When Languages Die : The Extinction of the World's Languages and the Erosion of Human Knowledge: The Extinction of the World's Languages and the Erosion of Human Knowledge
Oxford University Press, USA, 2007/02/01 - 304 ページ
It is commonly agreed by linguists and anthropologists that the majority of languages spoken now around the globe will likely disappear within our lifetime. The phenomenon known as language death has started to accelerate as the world has grown smaller. This extinction of languages, and the knowledge therein, has no parallel in human history. K. David Harrison's book is the first to focus on the essential question, what is lost when a language dies? What forms of knowledge are embedded in a language's structure and vocabulary? And how harmful is it to humanity that such knowledge is lost forever? Harrison spans the globe from Siberia, to North America, to the Himalayas and elsewhere, to look at the human knowledge that is slowly being lost as the languages that express it fade from sight. He uses fascinating anecdotes and portraits of some of these languages' last remaining speakers, in order to demonstrate that this knowledge about ourselves and the world is inherently precious and once gone, will be lost forever. This knowledge is not only our cultural heritage (oral histories, poetry, stories, etc.) but very useful knowledge about plants, animals, the seasons, and other aspects of the natural world--not to mention our understanding of the capacities of the human mind. Harrison's book is a testament not only to the pressing issue of language death, but to the remarkable span of human knowledge and ingenuity. It will fascinate linguists, anthropologists, and general readers.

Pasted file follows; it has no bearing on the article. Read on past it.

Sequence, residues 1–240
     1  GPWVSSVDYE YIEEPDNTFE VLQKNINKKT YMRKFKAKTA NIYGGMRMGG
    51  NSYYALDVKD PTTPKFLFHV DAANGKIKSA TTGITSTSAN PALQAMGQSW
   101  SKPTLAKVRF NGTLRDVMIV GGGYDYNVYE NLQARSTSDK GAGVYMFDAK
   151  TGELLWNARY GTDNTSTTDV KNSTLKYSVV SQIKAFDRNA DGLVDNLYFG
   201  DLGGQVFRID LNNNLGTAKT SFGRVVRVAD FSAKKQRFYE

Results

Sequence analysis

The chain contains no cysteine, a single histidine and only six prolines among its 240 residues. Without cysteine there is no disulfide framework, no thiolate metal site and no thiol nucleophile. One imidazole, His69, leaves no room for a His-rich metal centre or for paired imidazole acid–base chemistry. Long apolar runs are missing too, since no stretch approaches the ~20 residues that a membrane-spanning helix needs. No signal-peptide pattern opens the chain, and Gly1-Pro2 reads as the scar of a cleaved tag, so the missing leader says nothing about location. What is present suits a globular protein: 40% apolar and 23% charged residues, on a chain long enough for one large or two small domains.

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LibraryThing Reviewユーザー レビュー - bostonian71 - LibraryThing
Passionately argued ... and that's part of the problem. Every chapter describes Harrison's views of how important it is to preserve endangered languages and their associated cultures. Unfortunately ... レビュー全文を読む
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Ainu ancestral animals behavior birds body body-counting Borôro classifier cognitive complex counting systems cultures cycles ecological encoded endangered languages English example extinction Figure fingers fish Folk taxonomies forest genetic groups guage hand Hanunóo herding hivo human hunting Ifugao indigenous island Kaluli Karaim Kaurna Kewa knowledge landscape last speakers Lenape linguistic living lunar calendar lunar months maps Marovo Marta mathematical means Mlabri Monchak Mongolian month names mountains Musqueam myth native Nggela Nivkh number sense number system number words objects oflanguage ofthe oftheir oral Papua New Guinea patterns Pirahã plants Pomo reindeer reindeer herders rice river Rotokas Russian scientists Siberian sign languages small languages song sound speak species speech spoken story survival Tabasaran talk taxonomies tion Tofa tongue topographic traditional Uda River University vanish Vasya Ventureño verb village vowels Wayampi world’s languages writing system Yakkha Yanyuwa Yukaghir Yuki